Influencer spending in the US will reach $4.14 billion in 2022—a 12 percent increase—and growth will continue in double-digits in 2023 as spending approaches $5 billion.
With advances in 5G technology, augmented reality-driven experiences and virtual influencers are helping to drive some of the influencer market’s growth. In a blog written for Verizon, Dr. Francesca Sobande, a lecturer in digital media studies at the School of Journalism, Media and Culture (JOMEC), Cardiff University, shared insights on how 5G enables next-gen creators to hold their audience’s attention through trust, events and ethics.
Consumers buy products they see promoted by influencers they trust and part of maintaining that trust is understanding who follows them and why. Dr. Sobande believes that the higher speeds and low latency 5G provides mean more opportunities for influencers to reach followers with high-quality, immersive rich media while on the go. These improvements are also part of what’s fueling the number of monthly AR users, which grew 10 percent year-over-year.
Given micro- and nano-influencers’ engagement rates are highly competitive, 5G can be especially useful for these creators as they live-stream because the tech allows for near-real-time and location-specific data to be transferred and analyzed quickly, giving them the ability to better react to audience behaviors.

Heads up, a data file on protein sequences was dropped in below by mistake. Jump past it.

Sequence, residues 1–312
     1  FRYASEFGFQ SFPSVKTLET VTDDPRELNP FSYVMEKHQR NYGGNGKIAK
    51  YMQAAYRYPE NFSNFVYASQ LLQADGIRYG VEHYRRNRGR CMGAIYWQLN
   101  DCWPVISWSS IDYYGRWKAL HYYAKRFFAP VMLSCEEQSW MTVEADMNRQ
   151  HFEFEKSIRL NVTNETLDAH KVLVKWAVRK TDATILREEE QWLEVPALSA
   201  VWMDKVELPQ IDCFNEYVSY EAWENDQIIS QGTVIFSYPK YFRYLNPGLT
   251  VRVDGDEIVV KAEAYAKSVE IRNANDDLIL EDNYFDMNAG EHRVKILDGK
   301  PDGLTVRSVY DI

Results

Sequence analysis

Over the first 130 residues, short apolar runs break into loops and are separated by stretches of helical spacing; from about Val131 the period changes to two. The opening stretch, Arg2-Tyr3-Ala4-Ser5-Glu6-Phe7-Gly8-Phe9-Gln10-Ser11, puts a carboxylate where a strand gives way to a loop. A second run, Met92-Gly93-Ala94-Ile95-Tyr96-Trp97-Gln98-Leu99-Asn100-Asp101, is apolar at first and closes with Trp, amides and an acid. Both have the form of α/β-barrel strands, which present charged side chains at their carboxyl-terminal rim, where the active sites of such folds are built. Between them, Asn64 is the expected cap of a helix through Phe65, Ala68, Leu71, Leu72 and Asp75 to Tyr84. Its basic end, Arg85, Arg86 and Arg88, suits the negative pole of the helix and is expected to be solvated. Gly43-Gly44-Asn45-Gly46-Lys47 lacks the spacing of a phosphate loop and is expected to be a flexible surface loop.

The capabilities of 5G offer blended forms of online and in-person communication, which can help widen the audience for influencers’ events. With the 5G-enabled Landmarker Lens created by Verizon and Snapchat in mind, Dr. Sabonde gives the example of onsite installations and artwork that connect to digital communities that can alter a location’s aesthetics in near-real-time response. And as apps like TikTok and Instagram increase the maximum length of video uploads, the high speeds that 5G affords become even more important, she writes.
5G is also contributing to the development of emerging technologies that are building virtual influencers. Brands, as Dr. Sabonde writes, are finding that influencer marketing is enabled by tech but not solely driven by it. Ultimately, consumers’ desires to be treated like people, not numbers, may not be met by virtual influencers if the influencers focus on tech trends rather than focusing on humans.